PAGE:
July 2010 Archives

Yes, common-standards addicts, you get a tidbit of news to finish up your week. Tennessee has adopted the common standards. So the map of the moment looks like this: Remember that Tennessee was one of the two states that won Race to the Top money in Round 1. As an RTT winner, it wouldn't have looked all that great if it blew off the Aug. 2 deadline the feds specified for maximum points. Delaware, the other Round 1 winner, hasn't adopted yet. Stay tuned....

Those of you who have slogged through our coverage of the Race to the Top assessment competition (story here, blog items here and here, for instance) know that those proposals are pretty hefty documents. So it's cool that the folks at the Center for K-12 Assessment and Performance Management decided to create graphic depictions of those plans. The Center, created last year and funded by the Educational Testing Service, designed graphics for the proposals submitted by the two consortia of states that are competing for the $320 million to design comprehensive assessment systems. The two consortia have reviewed and approved ...

The common-standards adoption ticker reaches 31 today with Iowa's decision to adopt. So here's your map: Iowa, you might recall, hasn't been the biggest fan of academic standards. It was the last state to give in to the state-standards movement. Now it's signed on to the common set....

Greetings, common-standards junkies. I keep waiting for the crash of the mighty adoption wave, since we are only a few days away from the Aug. 2 Race to the Top deadline (maximum points, remember?). But it could be that the RTT-driven adoptions have crested (nearly all those still in the running have adopted, as we told you when the semifinalists were announced). So in the quiet of the moment, with no updated map to post, I can feed your habit with a selection of common-standards stuff from the blogosphere. The Washington Post's "Answer Sheet" blog has thoughts from cognitive scientist ...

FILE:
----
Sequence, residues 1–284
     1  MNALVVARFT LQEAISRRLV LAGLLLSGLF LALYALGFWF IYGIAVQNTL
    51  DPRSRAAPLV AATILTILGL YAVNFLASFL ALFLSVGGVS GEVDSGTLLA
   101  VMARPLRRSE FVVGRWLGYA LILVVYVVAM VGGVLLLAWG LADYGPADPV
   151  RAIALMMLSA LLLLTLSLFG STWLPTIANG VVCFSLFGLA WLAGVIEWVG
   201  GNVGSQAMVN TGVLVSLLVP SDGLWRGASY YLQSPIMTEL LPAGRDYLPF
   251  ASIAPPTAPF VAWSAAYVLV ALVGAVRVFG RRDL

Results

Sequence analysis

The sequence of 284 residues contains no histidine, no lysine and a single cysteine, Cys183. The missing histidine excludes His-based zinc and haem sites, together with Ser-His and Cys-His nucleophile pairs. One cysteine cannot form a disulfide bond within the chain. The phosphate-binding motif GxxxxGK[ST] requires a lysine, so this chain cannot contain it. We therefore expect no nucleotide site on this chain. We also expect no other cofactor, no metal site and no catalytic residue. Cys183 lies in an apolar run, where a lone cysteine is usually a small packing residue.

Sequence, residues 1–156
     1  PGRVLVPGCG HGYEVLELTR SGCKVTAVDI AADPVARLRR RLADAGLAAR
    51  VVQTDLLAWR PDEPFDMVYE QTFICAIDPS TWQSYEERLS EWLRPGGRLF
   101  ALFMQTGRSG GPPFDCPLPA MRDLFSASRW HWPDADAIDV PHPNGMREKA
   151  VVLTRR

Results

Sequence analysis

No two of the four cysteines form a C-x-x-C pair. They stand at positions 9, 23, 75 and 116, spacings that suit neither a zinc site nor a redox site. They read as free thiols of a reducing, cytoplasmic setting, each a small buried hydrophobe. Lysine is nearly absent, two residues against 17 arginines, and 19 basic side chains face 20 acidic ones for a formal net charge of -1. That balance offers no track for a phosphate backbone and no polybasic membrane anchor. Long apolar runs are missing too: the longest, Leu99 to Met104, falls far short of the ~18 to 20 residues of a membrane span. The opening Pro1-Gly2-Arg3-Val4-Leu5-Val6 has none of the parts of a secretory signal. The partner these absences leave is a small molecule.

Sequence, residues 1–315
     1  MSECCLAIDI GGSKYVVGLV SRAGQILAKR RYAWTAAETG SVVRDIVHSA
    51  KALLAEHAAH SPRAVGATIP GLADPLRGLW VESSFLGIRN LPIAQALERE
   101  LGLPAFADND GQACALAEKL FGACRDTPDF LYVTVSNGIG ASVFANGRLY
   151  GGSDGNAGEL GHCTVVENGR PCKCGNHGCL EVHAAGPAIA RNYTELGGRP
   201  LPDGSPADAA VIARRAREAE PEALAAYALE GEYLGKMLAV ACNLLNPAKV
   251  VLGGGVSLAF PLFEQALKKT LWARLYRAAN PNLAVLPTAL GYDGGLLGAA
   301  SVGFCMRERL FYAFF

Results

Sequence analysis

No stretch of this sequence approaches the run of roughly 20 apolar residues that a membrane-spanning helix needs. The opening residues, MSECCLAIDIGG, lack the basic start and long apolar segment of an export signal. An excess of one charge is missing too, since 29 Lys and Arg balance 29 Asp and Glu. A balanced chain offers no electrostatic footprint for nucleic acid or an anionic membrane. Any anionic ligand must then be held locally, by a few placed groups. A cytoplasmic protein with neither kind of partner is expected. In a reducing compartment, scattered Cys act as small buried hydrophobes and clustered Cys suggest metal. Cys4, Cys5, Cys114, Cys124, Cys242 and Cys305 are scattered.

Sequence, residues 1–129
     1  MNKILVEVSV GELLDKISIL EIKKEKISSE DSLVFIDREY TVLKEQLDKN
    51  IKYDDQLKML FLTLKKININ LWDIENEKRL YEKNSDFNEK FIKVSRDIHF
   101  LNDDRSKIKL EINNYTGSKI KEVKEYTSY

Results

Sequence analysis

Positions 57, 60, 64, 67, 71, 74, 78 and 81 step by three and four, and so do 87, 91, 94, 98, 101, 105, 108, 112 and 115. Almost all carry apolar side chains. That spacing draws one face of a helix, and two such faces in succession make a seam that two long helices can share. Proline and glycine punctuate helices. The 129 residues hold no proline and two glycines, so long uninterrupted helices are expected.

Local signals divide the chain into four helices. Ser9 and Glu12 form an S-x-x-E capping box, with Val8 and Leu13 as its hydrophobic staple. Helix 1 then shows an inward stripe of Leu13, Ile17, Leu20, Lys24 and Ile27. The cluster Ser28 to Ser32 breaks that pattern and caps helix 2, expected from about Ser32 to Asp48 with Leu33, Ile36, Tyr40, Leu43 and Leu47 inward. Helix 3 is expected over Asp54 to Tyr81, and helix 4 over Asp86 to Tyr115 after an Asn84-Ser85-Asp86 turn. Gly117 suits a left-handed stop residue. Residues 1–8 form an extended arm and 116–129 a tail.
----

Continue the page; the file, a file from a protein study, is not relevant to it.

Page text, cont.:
You've probably already heard about the 19 finalists in Round 2 of the Race to the Top competition. And if you read this blog frequently, you already know that adoption of the common standards is one of the things that gave states points—or cost them points—in that competition. So what do we see if we compare our list of Round 2 finalists with our list of states that have adopted the common standards? Nothing all that shocking, really, given the incentives that are hanging out there for adoption (federal money, great educational improvements, or both, depending on who's...

Greetings, common-standards addicts! I'm back on the Watch, and I have this to report: Florida adopted the common standards today. That brings to 30 the number of states that have adopted. Note of trivia: The Sunshine State's board of education could well win the prize for speed. Members adopted the standards in six minutes, according to a department of education spokeswoman. The unanimous vote was held via conference call. Don't let the trivia distract you from the real deal, though; Florida's adoption is significant. It's one of those states folks watch if they're trying to take education's temperature. And it ...

The District of Columbia last night became the 29th adopter of the common benchmarks crafted as part of the Common Core State Standards Initiative.

By guest blogger Stephen Sawchuk New York adopted the common standards on Monday—with so little fanfare that I missed it at first—and, of course, Massachusetts officially signed on today, with so much drama involved that it was absolutely impossible to miss. We'll soon have a full story up on edweek.org analyzing the situation in Massachusetts, so stay tuned. In the meantime, you'll want to turn your attention to the District of Columbia, which is poised to adopt the standards tonight. Including the "provisional" adoptions in Washington and Utah, we're now up to 28 states that have adopted...